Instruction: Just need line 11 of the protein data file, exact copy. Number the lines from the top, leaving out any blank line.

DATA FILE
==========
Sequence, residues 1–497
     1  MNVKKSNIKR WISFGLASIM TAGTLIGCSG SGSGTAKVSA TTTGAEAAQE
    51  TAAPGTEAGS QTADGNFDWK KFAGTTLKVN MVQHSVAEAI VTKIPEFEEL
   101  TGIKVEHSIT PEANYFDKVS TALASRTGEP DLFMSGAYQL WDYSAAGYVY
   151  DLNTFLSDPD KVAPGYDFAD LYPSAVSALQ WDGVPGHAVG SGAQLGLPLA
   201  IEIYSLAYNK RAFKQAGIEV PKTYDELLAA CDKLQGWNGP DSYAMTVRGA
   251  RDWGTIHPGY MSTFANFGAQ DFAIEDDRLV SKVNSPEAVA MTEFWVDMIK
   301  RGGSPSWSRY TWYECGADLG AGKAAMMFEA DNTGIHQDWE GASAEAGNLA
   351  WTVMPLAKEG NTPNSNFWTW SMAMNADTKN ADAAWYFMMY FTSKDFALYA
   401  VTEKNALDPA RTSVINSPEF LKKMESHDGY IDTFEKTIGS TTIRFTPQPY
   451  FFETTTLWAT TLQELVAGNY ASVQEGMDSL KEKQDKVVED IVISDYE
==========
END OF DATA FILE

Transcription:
   451  FFETTTLWAT TLQELVAGNY ASVQEGMDSL KEKQDKVVED IVISDYE